Wall Street Journal (paid sub. req.) writer Andy Kessler met with Mark Zuckerberg, 22, of Facebook for an interview at the company’s Palo Alto offices.
Kessler tries to hone in on the social networking site’s peculiar “magic”:
Users have the ultimate control of who they hang out with electronically, and “only see the people that are in their networks” usually meaning the same college, “and the people that are their confirmed friends around Facebook,” perhaps old friends at another school.
This exclusivity has a certain magic. Zuckerberg says, “the power here is that people have information they don’t want to share with everyone. If you give people very tight control over what information they are sharing or who they are sharing with” (share that beer bong photo with my roommate, but not with my sister) “they will actually share more. One example is that one third of our users share their cell phone number on the site.”
With Facebook, exclusivity and control somehow means freedom. The more personal control, the more people are willing to let their guard down. “One billion page views a day is cool,” Mr. Zuckerberg admits, “but really what I care about is giving people access to connect and the information they want as efficiently as possible.”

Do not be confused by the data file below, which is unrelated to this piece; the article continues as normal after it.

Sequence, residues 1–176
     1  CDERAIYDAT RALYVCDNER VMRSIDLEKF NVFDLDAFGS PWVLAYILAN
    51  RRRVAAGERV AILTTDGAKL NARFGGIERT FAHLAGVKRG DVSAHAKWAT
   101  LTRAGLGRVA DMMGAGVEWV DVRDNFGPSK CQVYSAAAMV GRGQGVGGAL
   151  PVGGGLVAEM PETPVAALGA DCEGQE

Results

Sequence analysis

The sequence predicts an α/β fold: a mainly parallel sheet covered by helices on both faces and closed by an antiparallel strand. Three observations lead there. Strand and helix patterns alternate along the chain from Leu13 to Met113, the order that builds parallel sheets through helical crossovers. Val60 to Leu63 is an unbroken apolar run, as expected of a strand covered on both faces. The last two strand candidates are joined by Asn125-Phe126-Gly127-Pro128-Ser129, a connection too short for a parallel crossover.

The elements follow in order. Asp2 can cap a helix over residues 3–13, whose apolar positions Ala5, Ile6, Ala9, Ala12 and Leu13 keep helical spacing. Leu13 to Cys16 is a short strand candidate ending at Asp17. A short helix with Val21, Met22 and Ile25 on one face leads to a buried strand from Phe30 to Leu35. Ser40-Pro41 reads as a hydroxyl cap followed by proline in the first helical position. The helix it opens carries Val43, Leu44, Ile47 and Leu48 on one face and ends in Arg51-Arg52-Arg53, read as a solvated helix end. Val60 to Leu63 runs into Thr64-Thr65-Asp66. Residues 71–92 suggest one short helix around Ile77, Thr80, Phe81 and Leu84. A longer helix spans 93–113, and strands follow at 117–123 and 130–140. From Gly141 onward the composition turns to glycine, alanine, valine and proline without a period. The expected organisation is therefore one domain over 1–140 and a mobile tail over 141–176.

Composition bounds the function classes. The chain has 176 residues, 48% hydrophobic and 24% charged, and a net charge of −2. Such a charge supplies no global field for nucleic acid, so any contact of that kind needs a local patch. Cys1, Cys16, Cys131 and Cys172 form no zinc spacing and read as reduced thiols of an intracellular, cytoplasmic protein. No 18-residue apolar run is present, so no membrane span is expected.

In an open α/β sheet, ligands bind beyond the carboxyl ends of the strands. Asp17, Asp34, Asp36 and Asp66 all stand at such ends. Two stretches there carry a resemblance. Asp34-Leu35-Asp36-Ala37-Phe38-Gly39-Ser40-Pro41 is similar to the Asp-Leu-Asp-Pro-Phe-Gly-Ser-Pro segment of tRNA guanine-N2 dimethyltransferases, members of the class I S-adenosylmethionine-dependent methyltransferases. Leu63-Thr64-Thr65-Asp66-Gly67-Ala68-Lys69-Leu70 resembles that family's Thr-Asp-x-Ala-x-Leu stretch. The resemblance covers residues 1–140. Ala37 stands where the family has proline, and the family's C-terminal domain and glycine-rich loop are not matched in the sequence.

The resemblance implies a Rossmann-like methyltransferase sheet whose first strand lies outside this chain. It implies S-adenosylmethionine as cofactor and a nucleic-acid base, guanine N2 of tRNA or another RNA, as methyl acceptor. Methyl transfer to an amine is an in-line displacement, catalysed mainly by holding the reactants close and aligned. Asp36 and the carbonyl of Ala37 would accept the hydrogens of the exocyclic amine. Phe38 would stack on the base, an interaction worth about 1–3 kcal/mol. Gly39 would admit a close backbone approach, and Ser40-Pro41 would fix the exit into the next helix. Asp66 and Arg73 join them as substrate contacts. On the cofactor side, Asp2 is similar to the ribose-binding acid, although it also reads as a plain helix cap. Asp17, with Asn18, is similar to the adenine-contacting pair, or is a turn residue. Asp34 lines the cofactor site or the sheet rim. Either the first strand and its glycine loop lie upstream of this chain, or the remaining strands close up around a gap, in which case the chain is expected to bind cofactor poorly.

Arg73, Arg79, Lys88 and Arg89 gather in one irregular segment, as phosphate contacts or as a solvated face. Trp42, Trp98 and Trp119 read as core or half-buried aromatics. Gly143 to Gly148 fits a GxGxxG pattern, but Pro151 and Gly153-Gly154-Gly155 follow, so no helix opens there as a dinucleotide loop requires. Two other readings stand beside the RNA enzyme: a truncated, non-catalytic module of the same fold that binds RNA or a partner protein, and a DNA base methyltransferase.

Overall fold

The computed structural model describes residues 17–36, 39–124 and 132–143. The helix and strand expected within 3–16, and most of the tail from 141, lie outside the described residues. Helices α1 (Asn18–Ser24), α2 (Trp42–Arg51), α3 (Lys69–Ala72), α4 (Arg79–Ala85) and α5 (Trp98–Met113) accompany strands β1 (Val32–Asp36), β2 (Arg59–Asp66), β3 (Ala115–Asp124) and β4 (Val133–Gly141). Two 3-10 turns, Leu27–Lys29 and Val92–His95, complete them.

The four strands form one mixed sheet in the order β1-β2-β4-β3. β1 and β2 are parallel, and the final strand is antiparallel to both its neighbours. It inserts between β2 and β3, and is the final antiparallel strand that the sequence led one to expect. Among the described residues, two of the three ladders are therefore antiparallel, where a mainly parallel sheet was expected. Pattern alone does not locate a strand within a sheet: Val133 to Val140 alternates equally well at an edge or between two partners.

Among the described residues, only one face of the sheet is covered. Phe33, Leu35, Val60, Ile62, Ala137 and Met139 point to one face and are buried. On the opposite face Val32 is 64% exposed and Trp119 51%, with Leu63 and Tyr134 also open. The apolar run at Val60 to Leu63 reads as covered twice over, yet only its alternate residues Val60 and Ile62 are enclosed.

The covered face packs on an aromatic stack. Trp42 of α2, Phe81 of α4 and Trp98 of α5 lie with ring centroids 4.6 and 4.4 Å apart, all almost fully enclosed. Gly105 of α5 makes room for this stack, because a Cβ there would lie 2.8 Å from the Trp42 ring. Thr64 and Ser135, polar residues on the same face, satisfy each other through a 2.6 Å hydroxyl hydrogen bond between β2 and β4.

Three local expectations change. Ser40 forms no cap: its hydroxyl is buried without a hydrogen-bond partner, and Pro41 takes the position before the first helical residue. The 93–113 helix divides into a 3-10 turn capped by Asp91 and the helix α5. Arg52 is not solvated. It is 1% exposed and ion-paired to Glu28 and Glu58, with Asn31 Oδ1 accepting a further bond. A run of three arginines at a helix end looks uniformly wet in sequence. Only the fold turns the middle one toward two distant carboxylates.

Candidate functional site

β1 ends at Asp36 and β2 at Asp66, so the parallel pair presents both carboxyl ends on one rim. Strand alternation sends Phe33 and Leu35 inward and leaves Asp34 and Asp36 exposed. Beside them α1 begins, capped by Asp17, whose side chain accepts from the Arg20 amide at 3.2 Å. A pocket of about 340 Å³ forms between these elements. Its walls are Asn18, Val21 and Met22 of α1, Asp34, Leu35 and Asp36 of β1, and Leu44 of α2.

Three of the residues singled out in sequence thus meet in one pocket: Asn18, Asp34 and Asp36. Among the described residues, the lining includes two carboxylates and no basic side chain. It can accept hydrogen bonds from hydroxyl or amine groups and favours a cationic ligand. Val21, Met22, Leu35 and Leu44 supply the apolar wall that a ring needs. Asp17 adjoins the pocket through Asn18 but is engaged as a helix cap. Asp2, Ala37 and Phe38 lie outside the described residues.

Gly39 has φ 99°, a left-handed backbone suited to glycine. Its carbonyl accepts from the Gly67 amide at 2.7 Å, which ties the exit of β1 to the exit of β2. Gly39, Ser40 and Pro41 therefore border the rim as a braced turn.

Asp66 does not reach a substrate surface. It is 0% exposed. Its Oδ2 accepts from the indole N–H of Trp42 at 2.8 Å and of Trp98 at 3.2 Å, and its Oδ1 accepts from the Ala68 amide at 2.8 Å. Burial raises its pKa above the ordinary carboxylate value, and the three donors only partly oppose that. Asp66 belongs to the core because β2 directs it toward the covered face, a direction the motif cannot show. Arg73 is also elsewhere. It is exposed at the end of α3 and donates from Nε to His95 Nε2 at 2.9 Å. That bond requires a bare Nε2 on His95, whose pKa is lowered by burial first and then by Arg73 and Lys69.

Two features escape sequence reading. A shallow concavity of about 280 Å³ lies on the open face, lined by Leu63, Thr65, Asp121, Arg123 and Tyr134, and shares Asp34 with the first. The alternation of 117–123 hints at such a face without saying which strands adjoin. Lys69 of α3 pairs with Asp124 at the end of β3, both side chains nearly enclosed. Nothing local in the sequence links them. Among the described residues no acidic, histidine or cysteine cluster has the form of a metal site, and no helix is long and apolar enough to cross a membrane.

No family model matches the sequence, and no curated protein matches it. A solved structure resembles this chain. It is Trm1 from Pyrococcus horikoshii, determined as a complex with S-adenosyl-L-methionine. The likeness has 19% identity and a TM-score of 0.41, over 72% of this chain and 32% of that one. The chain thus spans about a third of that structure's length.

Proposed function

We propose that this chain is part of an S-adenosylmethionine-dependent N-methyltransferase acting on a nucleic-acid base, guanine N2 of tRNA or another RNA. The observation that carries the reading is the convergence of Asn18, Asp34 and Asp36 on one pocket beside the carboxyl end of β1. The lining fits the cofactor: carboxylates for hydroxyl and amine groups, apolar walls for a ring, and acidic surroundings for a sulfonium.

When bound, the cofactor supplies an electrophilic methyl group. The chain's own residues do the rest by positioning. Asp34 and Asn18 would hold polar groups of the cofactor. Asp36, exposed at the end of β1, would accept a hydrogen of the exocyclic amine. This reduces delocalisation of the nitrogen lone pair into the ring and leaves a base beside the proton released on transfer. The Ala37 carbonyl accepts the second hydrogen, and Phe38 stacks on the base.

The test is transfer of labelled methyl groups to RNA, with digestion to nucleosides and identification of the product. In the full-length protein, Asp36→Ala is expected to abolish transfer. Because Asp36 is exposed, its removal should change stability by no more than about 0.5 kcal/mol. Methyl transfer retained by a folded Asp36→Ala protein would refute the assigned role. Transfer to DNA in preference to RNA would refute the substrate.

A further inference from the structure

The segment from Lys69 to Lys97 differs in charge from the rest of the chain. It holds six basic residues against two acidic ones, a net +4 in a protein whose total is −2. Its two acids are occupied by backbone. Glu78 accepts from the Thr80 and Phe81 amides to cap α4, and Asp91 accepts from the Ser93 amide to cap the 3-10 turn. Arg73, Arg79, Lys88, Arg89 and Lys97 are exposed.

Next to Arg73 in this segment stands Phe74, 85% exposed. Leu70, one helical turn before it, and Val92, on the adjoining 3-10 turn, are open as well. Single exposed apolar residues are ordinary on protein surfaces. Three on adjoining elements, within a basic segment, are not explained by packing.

I don’t use Facebook (yet), so I’m at a loss. MySpace, Twitter, LinkedIn and other social networks have exclusivity buttons. Facebook must have a deeper allure, or Zuckerberg woud have taken Yahoo’s billion dollar offer. But can anyone put their finger on it? What exactly, makes Facebook nearly four times as expensive on the acquisition block as MySpace?
In related news, Wired reports that the CIA uses Facebook to recruit. Which may answer my question. If one can scope hotties and get a job to make parents proud, all in a few clicks, that is powerful.